289 posts tagged with pakistan.
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Nuclear Proliferation Has A Home on the Interwebs

One of the kings of nuclear proliferation has his own website. No mention of house arrest though.
posted by brookeb on Jan 29, 2009 - 10 comments

Pakistan's Jihadi Problem Worsens

Pakistan in Peril. "The relative calm in Iraq in recent months, combined with the drama of the US elections, has managed to distract attention from the catastrophe that is rapidly overwhelming Western interests in the part of the world that always should have been the focus of America's response to September 11: the al-Qaeda and Taliban heartlands on either side of the border of Afghanistan and Pakistan." [Via]
posted by homunculus on Jan 21, 2009 - 30 comments

JOE 2008 examines changes/trends in the geopolitical and military landscape

"Authored by the U.S. Joint Forces Command (USJFCOM), the Joint Operating Environment (JOE 2008, pdf) outlines a strategic framework and forecasts possible threats and opportunities that will challenge the future joint force." One portion picked out by the media: Mexico and Pakistan are the two countries most likely to undergo "sudden collapse". [more inside]
posted by 445supermag on Jan 15, 2009 - 7 comments

An Eye for an Eye: Justice or Injustice, Poetic or Barbaric?

"At an age at which I should be putting on a wedding dress, I am asking for someone's eyes to be dripped with acid,"
Four years ago, a spurned suitor poured a bucket of sulfuric acid over [Ameneh Bahrami's] head, leaving her blind and disfigured. Late last month, an Iranian court ordered that five drops of the same chemical be placed in each of her attacker's eyes, acceding to Bahrami's demand that he be punished according to a principle in Islamic jurisprudence that allows a victim to seek retribution for a crime. The sentence has not yet been carried out.
[more inside] posted by davidstandaford on Dec 29, 2008 - 263 comments

Tear me apart at the seams

India, as she is today, was carved out of British India, in 1947 when the left and right hand sides of the country became the new nation of Pakistan (East and West) respectively. While the history of Islamic influence and subsequent tolerance and intolerance goes back centuries to the first advent of the Mughal invasion, it has been said that the post Independence troubles of the modern nations of India and Pakistan stem from this sundering. In 1971, war brought forth Bangladesh from the former East Pakistan on India's eastern border. The Partition, as this holocaust is known, embedded in current day Indian memory, history, culture, movies, books, TV serials and music, was an unimaginable horror of slaughter and bloodshed. This separation was not in the plans of the Mahatma, and it is said he was assassinated by Hindu fundamentalists for letting it happen. What future awaits the Hindus and Muslims who have lived side by side for hundreds of years?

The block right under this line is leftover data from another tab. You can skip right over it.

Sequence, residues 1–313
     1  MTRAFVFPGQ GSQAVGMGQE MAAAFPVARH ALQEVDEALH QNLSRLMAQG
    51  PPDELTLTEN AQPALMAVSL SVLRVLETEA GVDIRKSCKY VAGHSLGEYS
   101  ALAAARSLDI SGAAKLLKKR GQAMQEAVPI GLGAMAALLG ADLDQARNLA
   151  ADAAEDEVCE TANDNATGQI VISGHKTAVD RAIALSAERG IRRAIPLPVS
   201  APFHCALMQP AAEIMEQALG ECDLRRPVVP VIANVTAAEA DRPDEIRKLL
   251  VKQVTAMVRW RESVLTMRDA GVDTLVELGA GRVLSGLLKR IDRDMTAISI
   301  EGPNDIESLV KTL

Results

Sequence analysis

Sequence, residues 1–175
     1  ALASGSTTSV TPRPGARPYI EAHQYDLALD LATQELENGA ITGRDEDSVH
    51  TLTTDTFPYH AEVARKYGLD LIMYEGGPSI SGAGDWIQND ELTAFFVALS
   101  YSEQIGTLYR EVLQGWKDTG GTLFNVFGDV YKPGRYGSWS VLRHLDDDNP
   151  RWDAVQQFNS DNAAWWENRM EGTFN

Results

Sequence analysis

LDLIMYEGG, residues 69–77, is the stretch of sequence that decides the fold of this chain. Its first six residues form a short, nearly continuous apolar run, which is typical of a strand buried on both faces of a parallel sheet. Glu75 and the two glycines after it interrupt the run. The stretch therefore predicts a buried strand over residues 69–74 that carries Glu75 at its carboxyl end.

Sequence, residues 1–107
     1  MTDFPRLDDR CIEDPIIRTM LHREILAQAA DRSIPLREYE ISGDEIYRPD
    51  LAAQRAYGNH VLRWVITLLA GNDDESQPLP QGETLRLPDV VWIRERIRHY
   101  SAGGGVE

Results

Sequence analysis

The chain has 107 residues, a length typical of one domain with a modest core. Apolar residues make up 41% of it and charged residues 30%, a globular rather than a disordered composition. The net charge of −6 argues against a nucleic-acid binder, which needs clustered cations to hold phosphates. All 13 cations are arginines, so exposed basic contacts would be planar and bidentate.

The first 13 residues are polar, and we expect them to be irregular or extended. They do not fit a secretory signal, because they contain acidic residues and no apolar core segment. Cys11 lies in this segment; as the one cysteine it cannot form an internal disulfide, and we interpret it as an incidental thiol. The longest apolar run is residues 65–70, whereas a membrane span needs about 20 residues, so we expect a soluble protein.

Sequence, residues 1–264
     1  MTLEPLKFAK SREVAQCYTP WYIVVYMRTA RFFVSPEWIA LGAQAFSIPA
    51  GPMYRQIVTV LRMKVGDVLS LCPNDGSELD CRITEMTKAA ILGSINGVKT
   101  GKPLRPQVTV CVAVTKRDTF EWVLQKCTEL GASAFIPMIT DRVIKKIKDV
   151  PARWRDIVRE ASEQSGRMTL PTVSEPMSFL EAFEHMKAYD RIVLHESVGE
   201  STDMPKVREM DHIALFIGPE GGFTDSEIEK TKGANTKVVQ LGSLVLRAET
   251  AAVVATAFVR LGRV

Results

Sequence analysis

posted by infini on Nov 26, 2008 - 37 comments

Ending Chaos in Afghanistan and Pakistan

From Great Game to Grand Bargain. "The crisis in Afghanistan and Pakistan is beyond the point where more troops will help. U.S. strategy must be to seek compromise with insurgents while addressing regional rivalries and insecurities." A new piece in Foreign Affairs by Barnett R. Rubin and Ahmed Rashid. [Via]
posted by homunculus on Oct 28, 2008 - 35 comments

TIP TOP

Lollywood '70s
posted by vronsky on Sep 20, 2008 - 36 comments

"forward, forward I say"

"Fog of War" cited by United States Ambassador to the United Nations Zalmay Khalilzad. He was speaking to journalists to clarify reports concerning his unauthorised contacts with foreign government officials, among them Asif Ali Zardari; a then contender to succeed Pervez Musharraf as president of Pakistan. Earlier this year he was being touted as a possible successor to Hamid Karzai as President of Afghanistan as seen in these two articles. So who is Zalmay Khalilzad? Neo con and oil businessman. [more inside]
posted by adamvasco on Sep 10, 2008 - 8 comments

Talibanistan

Right at the Edge. "The Taliban and Al Qaeda have established a haven in Pakistan’s tribal areas along the Afghan border. This is where the war on terror wil be fought – and possibly lost."
posted by homunculus on Sep 5, 2008 - 62 comments

Pakistan’s Phantom Border

Pakistan’s Phantom Border. "Pakistan is often called the most dangerous country on earth. Increasingly, its people would agree. Despite nearly $6 billion in U.S. military aid for the border region since 9/11, the Taliban, al-Qaeda, and homegrown terrorist groups have eroded the border with Afghanistan, inflicting a steady toll of suicide bombings. Going where few Westerners dare—from Taliban strongholds to undercover-police headquarters—the author sees what’s tearing the country apart."
posted by homunculus on Jun 22, 2008 - 24 comments

"How wonderfully Gothic!"